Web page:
Lounging around: New foundation looks to make Gander airport space a community hub
The Gander International Airport Lounge is legendary. With visitors such as Queen Elizabeth, the Beatles, Albert Einstein, Johnny Cash, Tom Cruise, Frank Sinatra, and Marilyn Monroe, it has been a place for some iconic travellers.
And now it's a place for everyone else, too.
The international lounge is not a new fixture — it was opened by the Queen in 1959 but closed to the public in the 1970s for security measures — but the International Lounge Foundation is a new group that aims to turn the lounge into a hub for both the community and travellers.
The lounge reopened in June after a years-long remodelling, and the foundation was set up to explore possibilities for the space.
Foundation chair Stephanie Power said their mission is "conserving, curating and ultimately celebrating everything that the international lounge has to offer."
Jessica Waterman, vice-chair of the foundation, said the lounge has been restored to its original 1959 colours and the bar has been revamped to serve coffee. A new community board room, an art gallery and a gift shop have all been added.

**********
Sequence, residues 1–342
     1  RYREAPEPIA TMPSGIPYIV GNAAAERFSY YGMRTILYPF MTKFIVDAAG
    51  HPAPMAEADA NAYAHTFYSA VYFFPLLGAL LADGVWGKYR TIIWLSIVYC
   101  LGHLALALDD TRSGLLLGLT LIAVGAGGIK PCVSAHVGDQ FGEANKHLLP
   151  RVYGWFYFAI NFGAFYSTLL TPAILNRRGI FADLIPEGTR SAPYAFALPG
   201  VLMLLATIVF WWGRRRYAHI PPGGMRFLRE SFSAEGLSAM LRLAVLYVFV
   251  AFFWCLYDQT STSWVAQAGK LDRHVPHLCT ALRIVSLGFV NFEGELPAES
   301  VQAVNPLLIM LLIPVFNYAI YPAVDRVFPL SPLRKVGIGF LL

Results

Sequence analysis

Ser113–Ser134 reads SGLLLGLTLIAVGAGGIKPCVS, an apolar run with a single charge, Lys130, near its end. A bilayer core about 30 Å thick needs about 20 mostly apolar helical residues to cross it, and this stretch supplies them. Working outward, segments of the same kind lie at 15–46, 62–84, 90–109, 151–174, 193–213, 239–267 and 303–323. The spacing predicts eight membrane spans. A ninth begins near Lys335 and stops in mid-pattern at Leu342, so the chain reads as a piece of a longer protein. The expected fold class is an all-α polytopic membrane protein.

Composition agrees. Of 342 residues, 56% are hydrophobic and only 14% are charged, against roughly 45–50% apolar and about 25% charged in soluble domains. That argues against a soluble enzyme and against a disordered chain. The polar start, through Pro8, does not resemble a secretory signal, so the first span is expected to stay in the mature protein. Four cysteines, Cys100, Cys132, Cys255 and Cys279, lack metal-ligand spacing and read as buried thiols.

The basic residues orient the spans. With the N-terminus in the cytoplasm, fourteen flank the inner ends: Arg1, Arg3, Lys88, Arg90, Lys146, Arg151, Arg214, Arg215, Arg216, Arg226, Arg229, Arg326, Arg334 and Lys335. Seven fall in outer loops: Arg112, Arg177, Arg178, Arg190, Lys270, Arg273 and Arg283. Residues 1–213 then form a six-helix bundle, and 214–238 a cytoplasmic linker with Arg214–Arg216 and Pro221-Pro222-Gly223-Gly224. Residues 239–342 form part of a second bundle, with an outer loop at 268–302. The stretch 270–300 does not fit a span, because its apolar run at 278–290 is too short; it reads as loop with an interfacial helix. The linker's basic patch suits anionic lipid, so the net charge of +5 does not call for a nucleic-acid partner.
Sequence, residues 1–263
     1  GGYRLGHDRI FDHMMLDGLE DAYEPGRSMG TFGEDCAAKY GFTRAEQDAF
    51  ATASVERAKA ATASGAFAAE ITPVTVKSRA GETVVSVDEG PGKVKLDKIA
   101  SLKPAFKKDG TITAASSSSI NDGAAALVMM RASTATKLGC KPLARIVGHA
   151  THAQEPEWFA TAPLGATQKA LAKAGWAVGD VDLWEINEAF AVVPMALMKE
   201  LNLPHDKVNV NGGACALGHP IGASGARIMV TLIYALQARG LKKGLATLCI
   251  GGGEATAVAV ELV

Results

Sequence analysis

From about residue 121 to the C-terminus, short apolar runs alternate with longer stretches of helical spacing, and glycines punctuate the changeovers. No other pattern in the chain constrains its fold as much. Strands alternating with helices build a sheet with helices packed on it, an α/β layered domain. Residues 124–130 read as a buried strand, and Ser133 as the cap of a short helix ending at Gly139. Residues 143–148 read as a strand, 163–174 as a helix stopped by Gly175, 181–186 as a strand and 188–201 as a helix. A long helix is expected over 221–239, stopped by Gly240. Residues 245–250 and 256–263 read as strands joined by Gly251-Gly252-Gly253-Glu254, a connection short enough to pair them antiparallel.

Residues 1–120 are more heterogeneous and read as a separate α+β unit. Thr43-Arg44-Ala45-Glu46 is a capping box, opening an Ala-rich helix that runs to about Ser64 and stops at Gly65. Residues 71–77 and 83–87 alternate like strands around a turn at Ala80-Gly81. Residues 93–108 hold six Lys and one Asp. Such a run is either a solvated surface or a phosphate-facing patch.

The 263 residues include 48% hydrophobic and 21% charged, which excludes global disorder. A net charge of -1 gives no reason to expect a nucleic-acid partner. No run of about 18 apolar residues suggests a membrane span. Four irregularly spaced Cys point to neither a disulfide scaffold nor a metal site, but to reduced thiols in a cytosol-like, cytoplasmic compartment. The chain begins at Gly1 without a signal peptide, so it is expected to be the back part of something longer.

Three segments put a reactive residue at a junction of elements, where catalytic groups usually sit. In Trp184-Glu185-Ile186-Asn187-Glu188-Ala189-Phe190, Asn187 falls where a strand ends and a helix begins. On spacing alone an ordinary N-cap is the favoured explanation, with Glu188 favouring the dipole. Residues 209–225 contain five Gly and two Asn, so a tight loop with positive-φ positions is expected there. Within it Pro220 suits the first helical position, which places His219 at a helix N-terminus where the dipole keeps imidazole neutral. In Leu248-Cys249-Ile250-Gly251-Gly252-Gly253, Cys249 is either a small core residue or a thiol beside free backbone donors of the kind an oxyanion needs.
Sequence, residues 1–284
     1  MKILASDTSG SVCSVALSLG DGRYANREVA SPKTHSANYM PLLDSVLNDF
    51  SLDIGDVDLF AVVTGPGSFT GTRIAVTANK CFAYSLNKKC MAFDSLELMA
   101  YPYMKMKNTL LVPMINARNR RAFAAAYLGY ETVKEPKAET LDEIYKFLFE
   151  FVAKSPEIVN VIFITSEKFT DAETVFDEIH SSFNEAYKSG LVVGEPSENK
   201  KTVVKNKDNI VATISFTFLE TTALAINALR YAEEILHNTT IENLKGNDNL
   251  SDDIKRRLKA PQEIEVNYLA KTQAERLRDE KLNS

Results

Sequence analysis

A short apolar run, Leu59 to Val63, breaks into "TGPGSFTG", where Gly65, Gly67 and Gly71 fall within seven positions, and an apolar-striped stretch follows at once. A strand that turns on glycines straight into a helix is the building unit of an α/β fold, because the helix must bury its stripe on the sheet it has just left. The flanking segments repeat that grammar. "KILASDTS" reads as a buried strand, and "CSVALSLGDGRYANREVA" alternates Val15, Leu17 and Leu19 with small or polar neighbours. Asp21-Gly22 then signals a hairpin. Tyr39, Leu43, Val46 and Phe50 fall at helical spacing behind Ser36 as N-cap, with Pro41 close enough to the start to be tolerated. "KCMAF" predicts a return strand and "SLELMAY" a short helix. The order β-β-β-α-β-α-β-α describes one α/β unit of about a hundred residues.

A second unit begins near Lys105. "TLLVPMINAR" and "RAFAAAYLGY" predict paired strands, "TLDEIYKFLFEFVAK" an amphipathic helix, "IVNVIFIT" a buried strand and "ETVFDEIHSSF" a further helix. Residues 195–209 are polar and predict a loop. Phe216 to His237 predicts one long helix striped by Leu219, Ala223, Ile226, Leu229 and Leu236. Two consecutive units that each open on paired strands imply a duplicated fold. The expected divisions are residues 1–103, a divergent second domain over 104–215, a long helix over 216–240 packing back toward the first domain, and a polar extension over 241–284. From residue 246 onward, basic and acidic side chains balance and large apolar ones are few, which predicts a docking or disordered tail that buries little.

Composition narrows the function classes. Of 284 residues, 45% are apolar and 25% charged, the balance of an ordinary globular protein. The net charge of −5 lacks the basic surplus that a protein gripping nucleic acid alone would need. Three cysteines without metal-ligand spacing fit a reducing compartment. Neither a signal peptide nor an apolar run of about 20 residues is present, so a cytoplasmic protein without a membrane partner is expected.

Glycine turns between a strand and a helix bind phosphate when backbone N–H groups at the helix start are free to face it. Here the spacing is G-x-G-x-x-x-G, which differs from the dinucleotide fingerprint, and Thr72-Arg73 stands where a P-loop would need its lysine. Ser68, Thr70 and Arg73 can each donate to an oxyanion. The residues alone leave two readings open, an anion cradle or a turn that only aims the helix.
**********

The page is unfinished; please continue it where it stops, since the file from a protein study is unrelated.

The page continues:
"We're really hoping to get the community into the space now," said Waterman, an artist who helped redesign the lounge.
While the board does not have a document outlining their goals yet, Power said, enhancing community connection will be a priority, and they'll be juggling the needs and wants of visitors to the province with the needs and wants of the community.
Power and Waterman grew up in Gander and have memories of the space from when they were young, even though they didn't have access to it.
Waterman said the space is too beautiful not to use, and she wants her kids to be able to use the space in a way she couldn't.
"I want to bring my kids up, you know, bring them up to get some ice cream, grab a coffee, spend some time in the space. Because growing up, we didn't have access to it. Opening it up to the community so that we can see it and use it — because it was always behind glass — is very important," she said.
The lounge will be a place to make memories in a place that is important to the community, said Power, and the foundation's plans can solidify the heritage and role of the airport — which she called the town's "raison d'être" — in Gander.
"I want, in 20 or 30 years, when the kids of today look back on growing up, you know, I want them to remember when they used to come up to the international lounge and get an ice cream on a Saturday afternoon with their parents or whatever. Whatever those little memories are."